‘Healthy oil’ is now automatically associated with the Keo Karpin and this brand has stood the test of time.
After Bengal was divided, a pre-Gandhian Swadeshi movement swept the country. Locals set fire to imported clothing and picketed stores that sold foreign items. Citizens were committed to sourcing domestically produced goods, and many stepped forward to help India become an industrial powerhouse.
From Kolkata, three major pharmaceutical enterprises started, thanks to the Swadeshi movement, one of which was Dey’s Medical.
In 1941, Dey’s Medical was started. While the war was raging over the world, B.N. Dey opened a tiny retail medical business in Calcutta. The people of India suffered as a result of the temporary non-availability of life-saving medications. Dey stepped forward to assist by guaranteeing a consistent supply of life-saving medications and medical equipment to treat soldiers and civilians alike. The medical community as a whole overwhelmingly embraced and endorsed it.
They started making indigenous medicines in 1957 in a factory they set up in Calcutta. Dey’s Medical operated for 20 years despite many political revolutions and the invasion of foreign brands, finally succumbing to the effects of global prices in the 1970s. They, like most other pharmaceutical firms, were forced to reduce medicine costs in 1977 when the Price Control Notice of 1970 went into effect. This hurt their bottom line and put the business in a disadvantaged position.
Dey’s had financial challenges and turned to their cosmetics line to increase profits. The spotlight was on Keo Karpin.
For the debut of Keo Karpin hair oil in 1956, Keo Karpin used the USP, ‘With strict control over raw materials and manufacturing, Keo Karpin is the healthy oil’. Keo Karpin, together with Jabakusum, had long been leaders in hair oil.
The standards by which consumers judge the quality of hair oil have evolved throughout time. In the past, women’s hair was often worn in modest plaits and buns, and the market was flooded with thick oils that were said to nourish and maintain the hair. Most of these oils were not promoted, and they were perfect for demure hairstyles. There were several brands available, but there was no clear frontrunner. In the 1980s, this need was met by Keo Karpin.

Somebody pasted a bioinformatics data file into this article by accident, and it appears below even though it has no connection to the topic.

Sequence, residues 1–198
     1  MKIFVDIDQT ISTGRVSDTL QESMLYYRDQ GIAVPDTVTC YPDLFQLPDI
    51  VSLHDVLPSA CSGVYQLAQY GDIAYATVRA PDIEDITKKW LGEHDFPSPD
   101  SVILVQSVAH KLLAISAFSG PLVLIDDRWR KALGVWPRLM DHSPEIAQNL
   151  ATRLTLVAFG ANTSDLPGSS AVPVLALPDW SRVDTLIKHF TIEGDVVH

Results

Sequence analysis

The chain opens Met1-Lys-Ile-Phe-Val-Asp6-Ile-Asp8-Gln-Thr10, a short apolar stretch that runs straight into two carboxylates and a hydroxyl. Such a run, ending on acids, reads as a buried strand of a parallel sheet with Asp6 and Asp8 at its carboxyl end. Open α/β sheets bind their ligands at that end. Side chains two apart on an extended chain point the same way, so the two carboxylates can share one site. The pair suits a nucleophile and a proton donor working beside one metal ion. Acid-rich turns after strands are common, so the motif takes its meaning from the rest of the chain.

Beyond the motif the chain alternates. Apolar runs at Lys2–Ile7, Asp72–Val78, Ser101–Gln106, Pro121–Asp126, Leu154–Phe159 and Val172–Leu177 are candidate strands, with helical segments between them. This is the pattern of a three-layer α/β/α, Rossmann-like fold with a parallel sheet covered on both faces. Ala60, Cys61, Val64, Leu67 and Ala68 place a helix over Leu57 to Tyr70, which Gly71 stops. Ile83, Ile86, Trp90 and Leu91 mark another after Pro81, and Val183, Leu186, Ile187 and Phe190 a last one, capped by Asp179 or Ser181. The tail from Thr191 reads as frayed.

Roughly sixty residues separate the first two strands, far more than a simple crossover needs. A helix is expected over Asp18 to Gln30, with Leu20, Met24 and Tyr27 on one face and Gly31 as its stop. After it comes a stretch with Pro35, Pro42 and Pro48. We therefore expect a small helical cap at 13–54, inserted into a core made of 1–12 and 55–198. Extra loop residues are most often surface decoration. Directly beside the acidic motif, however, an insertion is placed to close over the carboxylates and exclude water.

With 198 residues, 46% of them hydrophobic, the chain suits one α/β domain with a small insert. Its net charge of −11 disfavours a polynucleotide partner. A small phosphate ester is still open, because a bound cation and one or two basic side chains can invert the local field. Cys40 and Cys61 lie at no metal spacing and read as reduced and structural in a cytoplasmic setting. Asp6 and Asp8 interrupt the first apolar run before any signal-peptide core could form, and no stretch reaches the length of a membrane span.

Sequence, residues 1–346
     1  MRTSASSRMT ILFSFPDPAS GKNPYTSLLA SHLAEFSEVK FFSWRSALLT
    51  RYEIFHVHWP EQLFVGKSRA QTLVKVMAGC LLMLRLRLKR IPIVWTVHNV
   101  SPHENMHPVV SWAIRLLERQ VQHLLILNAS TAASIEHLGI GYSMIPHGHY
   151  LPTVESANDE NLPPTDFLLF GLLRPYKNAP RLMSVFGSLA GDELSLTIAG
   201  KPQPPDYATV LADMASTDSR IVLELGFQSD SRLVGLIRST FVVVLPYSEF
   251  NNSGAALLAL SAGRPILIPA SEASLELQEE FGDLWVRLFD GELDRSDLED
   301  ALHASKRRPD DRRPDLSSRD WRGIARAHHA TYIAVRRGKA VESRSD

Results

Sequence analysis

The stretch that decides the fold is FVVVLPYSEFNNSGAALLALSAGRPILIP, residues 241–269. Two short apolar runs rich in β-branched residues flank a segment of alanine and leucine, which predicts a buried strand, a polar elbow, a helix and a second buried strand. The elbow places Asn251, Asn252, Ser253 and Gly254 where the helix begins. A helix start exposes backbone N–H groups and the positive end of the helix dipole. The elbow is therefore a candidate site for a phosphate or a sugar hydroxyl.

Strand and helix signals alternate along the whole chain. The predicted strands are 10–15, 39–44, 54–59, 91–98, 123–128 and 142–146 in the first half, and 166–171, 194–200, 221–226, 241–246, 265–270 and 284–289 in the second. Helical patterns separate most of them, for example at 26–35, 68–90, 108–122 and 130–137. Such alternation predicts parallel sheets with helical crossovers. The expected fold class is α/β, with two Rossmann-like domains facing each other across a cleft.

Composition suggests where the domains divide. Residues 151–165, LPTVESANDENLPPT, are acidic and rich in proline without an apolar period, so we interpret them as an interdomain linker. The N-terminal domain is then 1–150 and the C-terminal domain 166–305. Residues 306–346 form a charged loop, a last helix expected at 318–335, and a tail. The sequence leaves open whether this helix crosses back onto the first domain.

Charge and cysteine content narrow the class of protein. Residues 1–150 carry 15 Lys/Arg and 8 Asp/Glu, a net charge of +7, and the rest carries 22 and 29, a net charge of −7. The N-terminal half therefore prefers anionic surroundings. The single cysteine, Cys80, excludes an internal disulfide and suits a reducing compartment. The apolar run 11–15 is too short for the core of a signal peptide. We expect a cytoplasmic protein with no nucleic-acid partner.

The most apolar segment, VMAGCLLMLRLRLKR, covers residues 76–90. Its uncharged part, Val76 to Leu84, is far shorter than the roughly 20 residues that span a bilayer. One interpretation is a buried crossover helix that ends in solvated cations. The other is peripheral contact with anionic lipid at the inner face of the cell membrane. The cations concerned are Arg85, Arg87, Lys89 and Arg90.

Though Keo-Karpin managed to boost profitability, the firm still couldn’t get going.
They reintroduced it, thinking that fashion-forward youth needed light, non-greasy alternatives to traditional hair oils. As a result, Keo Karpin was reintroduced as a beauty product first: a non-greasy, lightweight hair oil ideal for styling. Keo Karpin’s popularity skyrocketed thanks to his slick TV commercials and widespread airtime. Keo Karpin’s sales skyrocketed, and it became the go-to light hair oil as fads came and went and new hairdos became the norm. In 1989, sales allegedly hit Rs. 20 crore.
However, Keo Karpin faced stiff competition from other light hair oil products like Parachute in the early 1990s as customers shifted to the much cheaper coconut oils. Even while Keo Karpin retained its ‘pioneer’ label and an emotional connection to customers, Dey’s Medical adopted a new approach to promoting the drug. The product had a successful comeback thanks to an advertising campaign that highlighted the brand’s continuity throughout a young woman’s development. The product’s positioning was adjusted to emphasise its nutritional value.
Keo Karpin was even cited as an example of successful advertising for a Bengali business, with memorable slogans like “Hamesha Ready” highlighting the product’s long-lasting quality thanks to the inclusion of Vitamin E and Olive oil. Hair ka insurance karo-Roz Keo Karpin Karo was the slogan of a consumer education campaign. To increase its profile, the company has sponsored music events like “Sa Re Ga Ma Pa” and partnered with the Indian Premier League of Cricket. Keo Karpin maintained its place and quality among the many hair care products on the market by participating in participatory rural activities such as road shows and melas.
Olive oil, vitamin E, peanut oil, wheat germ oil, and mineral oil are all components of Keo Karpin. This company was a pioneer in the innovation of adding perfume to hair oils (to cover the scent of the nourishing ingredients). It’s nourishing, safeguarding, and beneficial to hair development. According to legend, it was India’s first non-greasy, non-sticky, fragrant hair oil, effectively reducing hair loss. This might be a contributing factor to the product’s unassisted recall.
‘Healthy oil’ is now automatically associated with the Keo Karpin brand name. Despite its stereotypical association with women, 42% of Keo Karpin hair oil consumers are male.